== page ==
in the Register of Members, you should insert the aggregate number of shares. If no number is inserted, this form of proxy will be deemed to relate to all the shares held
by you.

2. A member of the Company (other than a Relevant Intermediary*), entitled to attend and vote at a meeting of the Company is entitled to appoint not more than two
proxies to attend and vote in his stead. A proxy need not be a member of the Company.

3. The instrument appointing a proxy or proxies must be deposited at the Company's Registered Office at 13 Woodlands Link, Singapore 738725 not less than 72 hours
before the time set for the meeting.

4. Where a member (other than a Relevant Intermediary*) appoints two proxies, the appointments shall be invalid unless he specifies the proportion of his shareholding
(expressed as a percentage of the whole) to be represented by each proxy.

5. A Relevant Intermediary* may appoint more than two proxies, but each proxy must be appointed to exercise the rights attached to a different share or shares held by
him (which number or class of shares shall be specified).

6. Subject to note 9, completion and return of this instrument appointing a proxy shall not preclude a member from attending and voting at the Meeting. Any appointment
of a proxy or proxies shall be deemed to be revoked if a member attends the Meeting in person, and in such event, the Company reserves the right to refuse to admit
any person or persons appointed under the instrument of proxy to the Meeting.

7. The instrument appointing a proxy or proxies must be under the hand of the appointor or of his attorney duly authorised in writing. Where the instrument appointing
a proxy or proxies is executed by a corporation, it must be executed under its common seal or under the hand of its officer or attorney duly authorised. Where an
instrument appointing a proxy or proxies is signed on behalf of the appointor by an attorney, the power of attorney (or other authority) or a duly certified copy thereof
must (failing previous registration with the Company) be lodged with the instrument of proxy, failing which the instrument may be treated as invalid.

8. A corporation which is a member may authorise by resolution of its directors or other governing body such person as it thinks fit to act as its representative at the
Meeting, in accordance with Section 179 of the Companies Act, Cap. 50 and the person so authorised shall upon production of a copy of such resolution certified by a
director of the corporation to be a true copy, be entitled to exercise the powers on behalf of the corporation so represented as the corporation could exercise in person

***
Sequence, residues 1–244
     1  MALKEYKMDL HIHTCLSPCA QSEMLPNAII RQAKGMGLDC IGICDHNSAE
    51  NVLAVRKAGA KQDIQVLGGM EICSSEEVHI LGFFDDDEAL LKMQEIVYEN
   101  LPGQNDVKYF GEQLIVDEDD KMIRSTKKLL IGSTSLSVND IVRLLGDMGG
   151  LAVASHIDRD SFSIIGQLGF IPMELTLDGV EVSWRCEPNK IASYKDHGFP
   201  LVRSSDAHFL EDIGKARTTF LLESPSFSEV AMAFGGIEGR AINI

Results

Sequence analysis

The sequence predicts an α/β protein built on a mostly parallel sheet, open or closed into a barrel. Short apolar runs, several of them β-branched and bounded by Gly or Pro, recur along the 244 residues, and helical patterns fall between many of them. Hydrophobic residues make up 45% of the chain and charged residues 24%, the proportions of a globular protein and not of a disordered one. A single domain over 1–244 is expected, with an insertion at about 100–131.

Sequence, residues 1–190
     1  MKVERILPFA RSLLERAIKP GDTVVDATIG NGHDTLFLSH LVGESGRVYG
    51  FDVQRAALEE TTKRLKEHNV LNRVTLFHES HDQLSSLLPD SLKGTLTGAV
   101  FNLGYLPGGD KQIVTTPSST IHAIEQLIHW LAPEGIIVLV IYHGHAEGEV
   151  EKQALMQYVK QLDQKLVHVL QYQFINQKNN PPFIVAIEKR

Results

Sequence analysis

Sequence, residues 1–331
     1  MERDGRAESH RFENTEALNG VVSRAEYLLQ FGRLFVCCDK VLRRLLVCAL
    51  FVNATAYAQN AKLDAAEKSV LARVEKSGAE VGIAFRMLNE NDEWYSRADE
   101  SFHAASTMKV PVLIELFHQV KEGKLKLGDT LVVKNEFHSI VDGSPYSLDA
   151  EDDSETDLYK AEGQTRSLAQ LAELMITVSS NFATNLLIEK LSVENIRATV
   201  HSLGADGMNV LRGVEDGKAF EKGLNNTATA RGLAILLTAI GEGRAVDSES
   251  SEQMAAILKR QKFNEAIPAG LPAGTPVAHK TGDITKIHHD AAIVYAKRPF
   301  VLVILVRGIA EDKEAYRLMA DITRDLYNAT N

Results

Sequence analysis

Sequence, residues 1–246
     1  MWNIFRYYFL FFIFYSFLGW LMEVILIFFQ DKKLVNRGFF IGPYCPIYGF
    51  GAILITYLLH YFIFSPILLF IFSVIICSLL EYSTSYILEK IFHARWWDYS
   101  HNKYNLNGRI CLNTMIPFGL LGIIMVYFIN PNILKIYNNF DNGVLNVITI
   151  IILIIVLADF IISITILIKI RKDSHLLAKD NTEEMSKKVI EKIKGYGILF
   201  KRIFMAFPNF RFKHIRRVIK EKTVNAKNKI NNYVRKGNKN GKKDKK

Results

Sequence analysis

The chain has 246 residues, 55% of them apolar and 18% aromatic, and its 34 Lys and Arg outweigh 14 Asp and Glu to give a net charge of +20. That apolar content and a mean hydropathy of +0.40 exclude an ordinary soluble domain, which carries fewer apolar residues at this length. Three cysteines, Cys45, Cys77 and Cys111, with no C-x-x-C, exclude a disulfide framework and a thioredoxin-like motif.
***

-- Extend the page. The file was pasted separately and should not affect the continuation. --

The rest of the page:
if it were an individual.

9. An investor who hold shares under the Supplementary Retirement Scheme (“SRS Investor”) (as may applicable) may attend and cast his vote(s) at the Meeting in person.
SRS Investors who are unable to attend the Meeting but would like to vote, may inform their SRS Approved Nominees to appoint the Chairman of the Meeting to act as
his proxy, in which case, the SRS Investors shall be precluded from attending the Meeting.

* A Relevant Intermediary is:

(a) a banking corporation licensed under the Banking Act (Cap. 19) or a wholly-owned subsidiary of such a banking corporation, whose business includes the
provision of nominee services and who holds shares in that capacity; or

(b) a person holding a capital markets services licence to provide custodial services for securities under the Securities and Futures Act (Cap. 289) and who holds
shares in that capacity; or

(c) the Central Provident Fund Board established by the Central Provident Fund Act (Cap. 36), in respect of shares purchased under the subsidiary legislation made
under that Act providing for the making of investments from the contributions and interest standing to the credit of members of the Central Provident Fund, if
the Board holds those shares in the capacity of an intermediary pursuant to or in accordance with that subsidiary legislation.

General:

The Company shall be entitled to reject the instrument appointing a proxy or proxies if it is incomplete, improperly completed or illegible or where the true intentions of the
appointor are not ascertainable from the instructions of the appointor specified in the instrument appointing a proxy or proxies. In addition, in the case of shares entered in
the Depository Register, the Company may reject any instrument appointing a proxy or proxies lodged if the member, being the appointor, is not shown to have shares entered
against his name in the Depository Register as at 72 hours before the time appointed for holding the Annual General Meeting, as certified by The Central Depository (Pte)
Limited to the Company.

Personal Data Privacy:

By submitting an instrument appointing a proxy(ies) and/or representative(s), the member accepts and agrees to the personal data privacy terms set out in the Notice of Annual
General Meeting dated 14 January 2019.
KIMLY LIMITED
(Company Registration No.: 201613903R)
(Incorporated in the Republic of Singapore on 23 May 2016)

13 Woodlands Link
Singapore 738725

www.kimlygroup.sg